Quantitative inference of dynamic regulatory pathways via microarray data
1 Lab. of System Biology, National Tsing Hua University, 101, Sec 2, Kuang Fu Road, Hsinchu, 300, Taiwan
2 Department of Electrical Engineering, National Tsing Hua University, 101, Sec 2, Kuang Fu Road, Hsinchu, 300, Taiwan
BMC Bioinformatics 2005, 6:44 doi:10.1186/1471-2105-6-44Published: 7 March 2005
The cellular signaling pathway (network) is one of the main topics of organismic investigations. The intracellular interactions between genes in a signaling pathway are considered as the foundation of functional genomics. Thus, what genes and how much they influence each other through transcriptional binding or physical interactions are essential problems. Under the synchronous measures of gene expression via a microarray chip, an amount of dynamic information is embedded and remains to be discovered. Using a systematically dynamic modeling approach, we explore the causal relationship among genes in cellular signaling pathways from the system biology approach.
In this study, a second-order dynamic model is developed to describe the regulatory mechanism of a target gene from the upstream causality point of view. From the expression profile and dynamic model of a target gene, we can estimate its upstream regulatory function. According to this upstream regulatory function, we would deduce the upstream regulatory genes with their regulatory abilities and activation delays, and then link up a regulatory pathway. Iteratively, these regulatory genes are considered as target genes to trace back their upstream regulatory genes. Then we could construct the regulatory pathway (or network) to the genome wide. In short, we can infer the genetic regulatory pathways from gene-expression profiles quantitatively, which can confirm some doubted paths or seek some unknown paths in a regulatory pathway (network). Finally, the proposed approach is validated by randomly reshuffling the time order of microarray data.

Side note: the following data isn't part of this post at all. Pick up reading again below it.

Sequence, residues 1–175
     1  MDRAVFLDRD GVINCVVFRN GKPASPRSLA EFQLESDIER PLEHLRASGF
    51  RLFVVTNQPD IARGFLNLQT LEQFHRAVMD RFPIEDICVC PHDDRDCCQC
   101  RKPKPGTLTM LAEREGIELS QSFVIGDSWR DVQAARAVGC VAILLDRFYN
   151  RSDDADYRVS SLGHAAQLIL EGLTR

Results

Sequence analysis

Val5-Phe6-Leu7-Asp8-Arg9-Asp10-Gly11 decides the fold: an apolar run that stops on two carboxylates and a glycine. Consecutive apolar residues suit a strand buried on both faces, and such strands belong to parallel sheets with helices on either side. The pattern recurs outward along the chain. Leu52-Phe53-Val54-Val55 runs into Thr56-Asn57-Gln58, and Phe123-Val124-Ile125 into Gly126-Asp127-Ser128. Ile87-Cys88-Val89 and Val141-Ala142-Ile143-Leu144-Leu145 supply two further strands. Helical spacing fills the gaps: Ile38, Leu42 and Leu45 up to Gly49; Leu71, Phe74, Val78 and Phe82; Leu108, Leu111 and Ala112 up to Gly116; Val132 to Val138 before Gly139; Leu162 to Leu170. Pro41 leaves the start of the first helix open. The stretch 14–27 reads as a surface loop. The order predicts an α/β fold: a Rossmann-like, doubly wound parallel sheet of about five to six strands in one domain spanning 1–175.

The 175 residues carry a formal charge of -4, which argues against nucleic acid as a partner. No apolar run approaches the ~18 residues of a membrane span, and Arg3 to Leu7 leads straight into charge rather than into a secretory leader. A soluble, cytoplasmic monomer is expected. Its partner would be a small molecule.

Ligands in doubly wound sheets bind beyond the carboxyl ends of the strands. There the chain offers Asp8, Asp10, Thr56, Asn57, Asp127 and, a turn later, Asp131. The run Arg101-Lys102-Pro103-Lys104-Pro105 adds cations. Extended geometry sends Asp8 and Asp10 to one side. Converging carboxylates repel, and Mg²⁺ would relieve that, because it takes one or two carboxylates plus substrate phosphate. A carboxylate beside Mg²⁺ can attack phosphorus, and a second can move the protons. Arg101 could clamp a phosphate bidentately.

We focus our algorithm on the inference of regulatory abilities of the identified causal genes, and how much delay before they regulate the downstream genes. With this information, a regulatory pathway would be built up using microarray data. In the present study, two signaling pathways, i.e. circadian regulatory pathway in Arabidopsis thaliana and metabolic shift pathway from fermentation to respiration in yeast Saccharomyces cerevisiae, are reconstructed using microarray data to evaluate the performance of our proposed method. In the circadian regulatory pathway, we identified mainly the interactions between the biological clock and the photoperiodic genes consistent with the known regulatory mechanisms. We also discovered the now less-known regulations between crytochrome and phytochrome. In the metabolic shift pathway, the casual relationship of enzymatic genes could be detected properly.